Understanding risk allows us to identify priority areas and design effective solutions. As we review our regulatory priorities, we work to improve our ability to determine how we can be most effective in protecting Victoria’s environment.

We do this by continuing to:

  • Collect, collate and analyse data
  • Identify emerging environmental and behavioural trends
  • Undertake targeted research
  • Collaborate with our regulatory partners
  • Consult with key stakeholders and the Victorian community

Trends we are seeing

Cost of living

Victorians continue to experience cost of living pressures. Increased energy and home heating costs are driving demand for firewood resources, while housing shortages and regional migration rates are changing land use patterns. We expect these trends to continue as cost of living pressures and population growth remain.

Climate variability

Ecosystems across the state remain vulnerable as they recover from recent extreme weather events. Back-to-back La Niña events brought temporarily cooler and wetter conditions, resulting in increased fuel loads across the state and flooding impacts along the Ovens, Goulburn, Loddon and Murray River systems. These conditions are likely to change as Victoria is expected to experience reduced rainfall and warmer temperatures as atmospheric circulation shifts to an El Niño event in the second half of 2023.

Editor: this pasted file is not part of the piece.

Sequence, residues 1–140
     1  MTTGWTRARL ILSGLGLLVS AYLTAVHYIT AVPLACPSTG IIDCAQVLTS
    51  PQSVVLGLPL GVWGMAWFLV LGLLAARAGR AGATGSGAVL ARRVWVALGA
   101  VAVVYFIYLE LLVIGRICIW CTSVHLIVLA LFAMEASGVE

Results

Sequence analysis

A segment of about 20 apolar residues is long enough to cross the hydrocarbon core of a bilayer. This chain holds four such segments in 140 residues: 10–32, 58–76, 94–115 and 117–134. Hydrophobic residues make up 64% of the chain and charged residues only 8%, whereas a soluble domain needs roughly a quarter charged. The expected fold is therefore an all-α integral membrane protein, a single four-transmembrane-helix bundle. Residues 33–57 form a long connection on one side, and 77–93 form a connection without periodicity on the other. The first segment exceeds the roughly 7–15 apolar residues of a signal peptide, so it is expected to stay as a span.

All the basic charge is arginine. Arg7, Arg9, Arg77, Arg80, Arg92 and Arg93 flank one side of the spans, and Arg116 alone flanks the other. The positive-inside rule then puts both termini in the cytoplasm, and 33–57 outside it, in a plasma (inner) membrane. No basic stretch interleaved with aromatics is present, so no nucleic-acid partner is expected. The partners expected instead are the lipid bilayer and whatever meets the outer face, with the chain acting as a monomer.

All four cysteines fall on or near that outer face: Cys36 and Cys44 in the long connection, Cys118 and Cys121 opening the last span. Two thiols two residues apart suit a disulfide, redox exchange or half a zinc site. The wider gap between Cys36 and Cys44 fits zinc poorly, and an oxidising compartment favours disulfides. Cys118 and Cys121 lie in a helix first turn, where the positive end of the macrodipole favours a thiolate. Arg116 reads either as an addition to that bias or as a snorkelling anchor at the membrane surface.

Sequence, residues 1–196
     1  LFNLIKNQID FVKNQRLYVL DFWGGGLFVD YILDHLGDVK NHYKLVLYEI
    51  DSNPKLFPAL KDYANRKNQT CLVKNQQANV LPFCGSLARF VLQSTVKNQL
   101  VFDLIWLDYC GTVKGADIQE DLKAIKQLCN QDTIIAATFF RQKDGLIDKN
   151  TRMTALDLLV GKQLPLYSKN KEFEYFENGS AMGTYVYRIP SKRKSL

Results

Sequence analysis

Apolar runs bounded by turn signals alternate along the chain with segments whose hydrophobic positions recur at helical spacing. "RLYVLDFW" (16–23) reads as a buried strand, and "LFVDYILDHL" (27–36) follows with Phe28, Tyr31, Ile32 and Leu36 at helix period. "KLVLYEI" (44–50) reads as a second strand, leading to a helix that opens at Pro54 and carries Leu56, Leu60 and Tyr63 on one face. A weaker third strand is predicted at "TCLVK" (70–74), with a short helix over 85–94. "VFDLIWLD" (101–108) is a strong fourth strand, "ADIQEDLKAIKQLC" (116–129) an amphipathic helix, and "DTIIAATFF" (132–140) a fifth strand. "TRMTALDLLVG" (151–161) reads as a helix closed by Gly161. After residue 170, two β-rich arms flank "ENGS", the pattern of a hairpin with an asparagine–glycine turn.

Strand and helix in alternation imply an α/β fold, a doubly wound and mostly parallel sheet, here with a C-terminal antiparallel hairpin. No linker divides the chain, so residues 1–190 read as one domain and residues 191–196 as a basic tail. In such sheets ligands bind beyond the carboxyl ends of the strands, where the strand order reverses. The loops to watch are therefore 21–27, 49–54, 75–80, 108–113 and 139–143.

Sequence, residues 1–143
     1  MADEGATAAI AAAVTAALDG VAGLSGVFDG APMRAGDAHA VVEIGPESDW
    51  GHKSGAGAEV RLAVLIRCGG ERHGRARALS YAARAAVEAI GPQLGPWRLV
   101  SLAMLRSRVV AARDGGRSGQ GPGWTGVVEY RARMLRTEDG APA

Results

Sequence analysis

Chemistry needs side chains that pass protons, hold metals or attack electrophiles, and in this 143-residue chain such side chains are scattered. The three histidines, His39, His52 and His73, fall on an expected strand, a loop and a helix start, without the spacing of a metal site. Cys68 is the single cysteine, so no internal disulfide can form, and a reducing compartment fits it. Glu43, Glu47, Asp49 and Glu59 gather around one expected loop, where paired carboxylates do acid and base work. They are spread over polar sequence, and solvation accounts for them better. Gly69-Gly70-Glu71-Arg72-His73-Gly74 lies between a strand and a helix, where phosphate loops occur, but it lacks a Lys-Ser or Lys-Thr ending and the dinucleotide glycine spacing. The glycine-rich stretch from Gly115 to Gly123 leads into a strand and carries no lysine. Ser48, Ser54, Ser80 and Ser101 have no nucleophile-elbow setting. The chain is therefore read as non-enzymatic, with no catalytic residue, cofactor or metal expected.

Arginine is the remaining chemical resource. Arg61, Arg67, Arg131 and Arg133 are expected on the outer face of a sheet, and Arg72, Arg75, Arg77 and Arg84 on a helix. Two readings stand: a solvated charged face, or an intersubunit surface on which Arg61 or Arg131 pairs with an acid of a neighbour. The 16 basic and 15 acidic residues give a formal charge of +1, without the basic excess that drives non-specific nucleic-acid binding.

Visitation rates

We continue to see year-on-year increases in visitation rates to public land across the state. Research shows that people who connect with nature are more likely to protect the natural environment, and spending time in nature increases health and wellbeing. This is a great opportunity for the Conservation Regulator to support visitors to enjoy their natural areas while ensuring the long-term health of Victoria’s forests, parks, and reserves.